Wednesday, April 27, 2005

US Socialist Democratic Model

I have been reading about Sweden's socialist democracy for some time now and I thought that I would try and consolidate some of my ideas on what I think should be implemented in the US. Here is a brief run down of those ideas (More to come later).

Raise taxes. Decrease the tax deductions for having children. Set up government funded day care services so all children age 0-5 will be taken care of so the parents can work. After school programs such as sports and day care will be made mandatory for schools K-8. Increase teachers' salary. This will neither reward nor punish people for having children. The children will be taken care of and educated properly and in a better environment more suited to nurturing ideas of self worth and the importance of knowledge than most inner-city schools are currently capable of accomplishing.

Establish more affordable housing neighborhoods and appartment centers. Set up social programs aimed at helping the poor get loans to purchase homes and learn how to manage debt and other money issues. Just because this is a socialist model does not mean that it is also a communist model; privately owned property is a key aspect of capitalism and should not be excluded from a democratic socialist model. What does need to happen in a socialist model is for the government to support the people who need help, thus the need for affordable housing and more social programs.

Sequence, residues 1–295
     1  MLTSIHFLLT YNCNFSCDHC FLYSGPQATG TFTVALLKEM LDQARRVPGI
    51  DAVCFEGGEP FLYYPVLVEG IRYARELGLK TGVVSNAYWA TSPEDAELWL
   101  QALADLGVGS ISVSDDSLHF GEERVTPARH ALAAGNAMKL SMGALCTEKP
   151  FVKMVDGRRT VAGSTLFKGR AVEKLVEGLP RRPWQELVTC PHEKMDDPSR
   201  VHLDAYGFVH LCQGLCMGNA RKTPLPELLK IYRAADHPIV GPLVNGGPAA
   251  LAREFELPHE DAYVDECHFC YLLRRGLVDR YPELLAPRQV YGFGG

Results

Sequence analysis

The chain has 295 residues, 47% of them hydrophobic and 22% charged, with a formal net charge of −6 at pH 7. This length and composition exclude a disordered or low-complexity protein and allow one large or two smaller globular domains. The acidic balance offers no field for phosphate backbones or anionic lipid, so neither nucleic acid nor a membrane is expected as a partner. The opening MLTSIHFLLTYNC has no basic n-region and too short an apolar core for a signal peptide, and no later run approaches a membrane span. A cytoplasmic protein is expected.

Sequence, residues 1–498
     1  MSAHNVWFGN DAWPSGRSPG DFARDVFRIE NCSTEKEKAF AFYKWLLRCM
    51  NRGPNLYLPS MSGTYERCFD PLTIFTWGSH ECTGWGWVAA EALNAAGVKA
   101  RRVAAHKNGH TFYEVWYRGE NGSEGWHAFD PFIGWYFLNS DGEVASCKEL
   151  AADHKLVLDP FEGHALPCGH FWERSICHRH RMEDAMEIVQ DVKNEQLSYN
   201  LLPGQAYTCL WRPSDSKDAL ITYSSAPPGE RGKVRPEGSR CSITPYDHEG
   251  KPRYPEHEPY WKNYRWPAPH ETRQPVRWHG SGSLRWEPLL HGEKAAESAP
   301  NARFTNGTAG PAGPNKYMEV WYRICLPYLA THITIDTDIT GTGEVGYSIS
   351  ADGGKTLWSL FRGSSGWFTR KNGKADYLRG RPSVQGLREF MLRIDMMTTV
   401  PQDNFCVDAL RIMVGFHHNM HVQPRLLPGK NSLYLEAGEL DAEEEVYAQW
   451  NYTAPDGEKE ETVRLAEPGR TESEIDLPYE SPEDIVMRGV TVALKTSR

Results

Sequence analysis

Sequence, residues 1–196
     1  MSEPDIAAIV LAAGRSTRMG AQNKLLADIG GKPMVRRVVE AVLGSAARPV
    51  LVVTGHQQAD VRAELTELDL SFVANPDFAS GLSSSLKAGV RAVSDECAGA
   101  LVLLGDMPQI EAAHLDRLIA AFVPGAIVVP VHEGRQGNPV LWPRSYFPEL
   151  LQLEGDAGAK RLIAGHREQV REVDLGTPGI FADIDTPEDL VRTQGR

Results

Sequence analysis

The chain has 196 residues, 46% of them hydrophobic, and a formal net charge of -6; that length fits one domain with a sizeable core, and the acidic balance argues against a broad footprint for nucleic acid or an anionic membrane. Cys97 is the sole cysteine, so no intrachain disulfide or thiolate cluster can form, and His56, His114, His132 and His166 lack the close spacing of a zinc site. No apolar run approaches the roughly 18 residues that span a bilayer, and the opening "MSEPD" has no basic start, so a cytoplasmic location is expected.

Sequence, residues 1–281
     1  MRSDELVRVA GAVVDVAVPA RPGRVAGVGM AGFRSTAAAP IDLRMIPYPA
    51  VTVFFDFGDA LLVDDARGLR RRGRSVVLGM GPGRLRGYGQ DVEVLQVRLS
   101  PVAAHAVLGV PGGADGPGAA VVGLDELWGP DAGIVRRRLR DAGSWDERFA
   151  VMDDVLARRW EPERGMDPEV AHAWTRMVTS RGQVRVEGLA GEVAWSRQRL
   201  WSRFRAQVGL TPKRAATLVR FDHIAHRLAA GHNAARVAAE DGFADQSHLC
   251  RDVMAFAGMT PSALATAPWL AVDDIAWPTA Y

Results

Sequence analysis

Lastly everyone should be insured for health care. Insead of following Sweden's example on this it might be easier to look north a bit at Canada. They have a higher life expectancy than the US and are about equally satisfied with the treatment recived by their doctors, as compaired with insured Americans. More information about this is found on Wikipedia. Health care is obviously important and the fact that there is no guaranteed health care system in the US seems ridiculous to me. Almost all other European countries have some kind of health care for all their citizens. The main argument against this is that most people would automatically get an HMO plan rather than a PPO because HMOs are cheaper. I still think it would possible for you to choose to have a PPO if you were employed. Your company could check some box while filling out their tax return that they have a specified number of employees that are recieving PPO health care package and in that case you would get a deduction. I'm not very familiar with how other countries' helath care systems work so that is all I can say on this topic for now.

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